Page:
Processor :2 socket Intel(R) Xeon(R) Platinum 8180 CPU @ 2.50GHz / 28 cores HT ON , Turbo ON Total Memory 376.46GB (12slots / 32 GB / 2666 MHz).CentOS Linux-7.3.1611-Core , SSD sda RS3WC080 HDD 744.1GB,sdb RS3WC080 HDD 1.5TB,sdc RS3WC080 HDD 5.5TB , Deep Learning Framework caffe version: f6d01efbe93f70726ea3796a4b89c612365a6341 Topology :googlenet_v1 BIOS:SE5C620.86B.00.01.0004.071220170215 MKLDNN: version: ae00102be506ed0fe2099c6557df2aa88ad57ec1 NoDataLayer. Measured: 1190 imgs/sec vs Platform: 2S Intel® Xeon® CPU E5-2699 v3 @ 2.30GHz (18 cores), HT enabled, turbo disabled, scaling governor set to “performance” via intel_pstate driver, 256GB DDR4-2133 ECC RAM. CentOS Linux release 7.3.1611 (Core), Linux kernel 3.10.0-514.el7.x86_64. OS drive: Seagate* Enterprise ST2000NX0253 2 TB 2.5″ Internal Hard Drive. Performance measured with: Environment variables: KMP_AFFINITY=’granularity=fine, compact,1,0‘, OMP_NUM_THREADS=36, CPU Freq set with cpupower frequency-set -d 2.3G -u 2.3G -g performance. Deep Learning Frameworks: Intel Caffe: (http://github.com/intel/caffe/), revision b0ef3236528a2c7d2988f249d347d5fdae831236. Inference measured with “caffe time –forward_only” command, training measured with “caffe time” command. For “ConvNet” topologies, dummy dataset was used. For other topologies, data was stored on local storage and cached in memory before training. Topology specs from https://github.com/intel/caffe/tree/master/models/intel_optimized_models (GoogLeNet, AlexNet, and ResNet-50), https://github.com/intel/caffe/tree/master/models/default_vgg_19 (VGG-19), and https://github.com/soumith/convnet-benchmarks/tree/master/caffe/imagenet_winners (ConvNet benchmarks; files were updated to use newer Caffe prototxt format but are functionally equivalent). GCC 4.8.5, MKLML version 2017.0.2.20170110. BVLC-Caffe: https://github.com/BVLC/caffe, Inference & Training measured with “caffe time” command.  For “ConvNet” topologies, dummy dataset was used. For other topologies, data was st ored on local storage and cached in memory before training  BVLC Caffe (http://github.com/BVLC/caffe), revision 91b09280f5233cafc62954c98ce8bc4c204e7475 (commit date 5/14/2017). BLAS: atlas ver. 3.10.1.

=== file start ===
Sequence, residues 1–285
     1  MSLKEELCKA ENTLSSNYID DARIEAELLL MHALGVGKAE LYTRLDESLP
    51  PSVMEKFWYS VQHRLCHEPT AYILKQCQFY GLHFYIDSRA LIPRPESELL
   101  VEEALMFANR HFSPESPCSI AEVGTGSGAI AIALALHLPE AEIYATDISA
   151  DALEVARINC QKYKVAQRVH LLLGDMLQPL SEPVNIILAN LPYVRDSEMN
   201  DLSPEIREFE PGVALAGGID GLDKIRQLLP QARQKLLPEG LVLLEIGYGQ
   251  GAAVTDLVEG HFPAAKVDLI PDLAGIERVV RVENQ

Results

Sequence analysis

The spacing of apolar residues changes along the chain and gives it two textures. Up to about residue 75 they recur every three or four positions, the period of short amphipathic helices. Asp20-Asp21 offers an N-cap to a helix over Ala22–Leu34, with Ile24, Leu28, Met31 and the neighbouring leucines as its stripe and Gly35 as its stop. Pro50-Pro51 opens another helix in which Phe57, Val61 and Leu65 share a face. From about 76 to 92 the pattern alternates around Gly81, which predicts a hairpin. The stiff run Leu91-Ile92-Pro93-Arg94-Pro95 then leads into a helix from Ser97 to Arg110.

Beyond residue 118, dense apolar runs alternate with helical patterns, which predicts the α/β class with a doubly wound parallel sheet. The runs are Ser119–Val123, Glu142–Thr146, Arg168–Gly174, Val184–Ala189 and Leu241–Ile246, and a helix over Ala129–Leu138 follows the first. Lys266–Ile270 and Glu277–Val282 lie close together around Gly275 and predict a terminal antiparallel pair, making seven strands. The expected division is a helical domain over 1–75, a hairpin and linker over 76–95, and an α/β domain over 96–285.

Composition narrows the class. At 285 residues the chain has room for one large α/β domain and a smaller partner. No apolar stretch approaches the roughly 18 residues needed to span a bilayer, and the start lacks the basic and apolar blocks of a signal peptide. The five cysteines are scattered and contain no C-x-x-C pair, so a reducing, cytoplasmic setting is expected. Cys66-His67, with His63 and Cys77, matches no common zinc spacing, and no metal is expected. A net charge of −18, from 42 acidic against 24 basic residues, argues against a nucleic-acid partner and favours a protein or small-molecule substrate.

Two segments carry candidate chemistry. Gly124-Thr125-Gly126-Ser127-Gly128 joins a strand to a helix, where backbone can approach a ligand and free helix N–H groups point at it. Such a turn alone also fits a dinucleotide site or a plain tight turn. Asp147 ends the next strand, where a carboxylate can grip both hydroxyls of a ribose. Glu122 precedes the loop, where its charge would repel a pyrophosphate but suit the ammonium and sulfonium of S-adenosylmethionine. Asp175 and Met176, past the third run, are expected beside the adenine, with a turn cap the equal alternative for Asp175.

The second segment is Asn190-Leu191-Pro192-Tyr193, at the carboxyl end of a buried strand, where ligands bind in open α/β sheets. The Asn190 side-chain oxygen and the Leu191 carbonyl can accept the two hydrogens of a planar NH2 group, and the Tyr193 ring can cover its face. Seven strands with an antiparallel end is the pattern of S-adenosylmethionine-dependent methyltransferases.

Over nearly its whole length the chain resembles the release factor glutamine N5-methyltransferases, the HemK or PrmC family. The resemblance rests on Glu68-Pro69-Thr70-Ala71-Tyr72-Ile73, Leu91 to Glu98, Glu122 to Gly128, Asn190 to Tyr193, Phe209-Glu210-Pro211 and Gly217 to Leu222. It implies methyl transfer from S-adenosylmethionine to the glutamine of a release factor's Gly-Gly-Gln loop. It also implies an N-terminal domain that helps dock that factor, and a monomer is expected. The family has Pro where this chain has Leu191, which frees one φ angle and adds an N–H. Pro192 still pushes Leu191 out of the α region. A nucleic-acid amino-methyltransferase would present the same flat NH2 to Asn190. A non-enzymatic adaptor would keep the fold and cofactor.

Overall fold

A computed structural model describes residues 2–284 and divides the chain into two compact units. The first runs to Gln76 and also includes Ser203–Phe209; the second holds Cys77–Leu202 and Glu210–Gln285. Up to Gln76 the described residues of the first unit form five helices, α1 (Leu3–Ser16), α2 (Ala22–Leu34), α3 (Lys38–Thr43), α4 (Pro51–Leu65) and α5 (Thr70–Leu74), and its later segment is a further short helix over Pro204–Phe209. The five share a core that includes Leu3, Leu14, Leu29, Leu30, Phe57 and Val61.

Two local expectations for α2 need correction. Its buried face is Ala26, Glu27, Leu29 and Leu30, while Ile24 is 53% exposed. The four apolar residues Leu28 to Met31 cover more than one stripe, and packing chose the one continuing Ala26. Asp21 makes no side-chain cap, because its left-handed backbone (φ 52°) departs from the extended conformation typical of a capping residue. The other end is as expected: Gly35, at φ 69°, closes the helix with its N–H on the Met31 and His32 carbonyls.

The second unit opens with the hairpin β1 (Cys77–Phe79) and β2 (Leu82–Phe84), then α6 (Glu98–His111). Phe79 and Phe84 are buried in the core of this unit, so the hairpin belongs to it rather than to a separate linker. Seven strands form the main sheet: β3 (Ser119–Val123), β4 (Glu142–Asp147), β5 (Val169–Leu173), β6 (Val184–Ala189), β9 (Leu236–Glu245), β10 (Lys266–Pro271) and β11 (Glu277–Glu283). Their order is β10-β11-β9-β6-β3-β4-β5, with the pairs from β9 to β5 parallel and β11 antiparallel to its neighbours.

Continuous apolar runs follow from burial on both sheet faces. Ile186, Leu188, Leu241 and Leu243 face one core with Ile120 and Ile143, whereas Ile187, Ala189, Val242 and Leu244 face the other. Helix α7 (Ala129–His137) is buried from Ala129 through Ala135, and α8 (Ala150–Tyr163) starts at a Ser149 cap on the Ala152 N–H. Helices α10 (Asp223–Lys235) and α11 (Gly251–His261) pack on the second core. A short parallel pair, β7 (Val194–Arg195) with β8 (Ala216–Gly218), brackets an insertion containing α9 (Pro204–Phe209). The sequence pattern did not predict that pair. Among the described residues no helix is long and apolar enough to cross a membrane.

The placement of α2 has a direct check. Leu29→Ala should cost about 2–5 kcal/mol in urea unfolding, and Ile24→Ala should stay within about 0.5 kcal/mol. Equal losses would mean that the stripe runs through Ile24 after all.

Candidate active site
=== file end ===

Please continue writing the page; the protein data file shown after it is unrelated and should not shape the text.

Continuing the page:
2Configuration for training throughput:

Processor :2 socket Intel(R) Xeon(R) Platinum 8180 CPU @ 2.50GHz / 28 cores HT ON , Turbo ON Total Memory 376.28GB (12slots / 32 GB / 2666 MHz).CentOS Linux-7.3.1611-Core , SSD sda RS3WC080 HDD 744.1GB,sdb RS3WC080 HDD 1.5TB,sdc RS3WC080 HDD 5.5TB , Deep Learning Framework caffe version: f6d01efbe93f70726ea3796a4b89c612365a6341 Topology :alexnet BIOS:SE5C620.86B.00.01.0009.101920170742 MKLDNN: version: ae00102be506ed0fe2099c6557df2aa88ad57ec1 NoDataLayer. Measured: 1023 imgs/sec vs Platform: 2S Intel® Xeon® CPU E5-2699 v3 @ 2.30GHz (18 cores), HT enabled, turbo disabled, scaling governor set to “performance” via intel_pstate driver, 256GB DDR4-2133 ECC RAM. CentOS Linux release 7.3.1611 (Core), Linux kernel 3.10.0-514.el7.x86_64. OS drive: Seagate* Enterprise ST2000NX0253 2 TB 2.5″ Internal Hard Drive. Performance measured with: Environment variables: KMP_AFFINITY=’granularity=fine, compact,1,0‘, OMP_NUM_THREADS=36, CPU Freq set with cpupower frequency-set -d 2.3G -u 2.3G -g performance. Deep Learning Frameworks: Intel Caffe: (http://github.com/intel/caffe/), revision b0ef3236528a2c7d2988f249d347d5fdae831236. Inference measured with “caffe time –forward_only” command, training measured with “caffe time” command. For “ConvNet” topologies, dummy dataset was used. For other topologies, data was stored on local storage and cached in memory before training. Topology specs from https://github.com/intel/caffe/tree/master/models/intel_optimized_models (GoogLeNet, AlexNet, and ResNet-50), https://github.com/intel/caffe/tree/master/models/default_vgg_19 (VGG-19), and https://github.com/soumith/convnet-benchmarks/tree/master/caffe/imagenet_winners (ConvNet benchmarks; files were updated to use newer Caffe prototxt format but are functionally equivalent). GCC 4.8.5, MKLML version 2017.0.2.20170110. BVLC-Caffe: https://github.com/BVLC/caffe, Inference & Training measured with “caffe time” command.  For “ConvNet” topologies, dummy dataset was used. For other topologies, data was st ored on local storage and cached in memory before training  BVLC Caffe (http://github.com/BVLC/caffe), revision 91b09280f5233cafc62954c98ce8bc4c204e7475 (commit date 5/14/2017). BLAS: atlas ver. 3.10.1.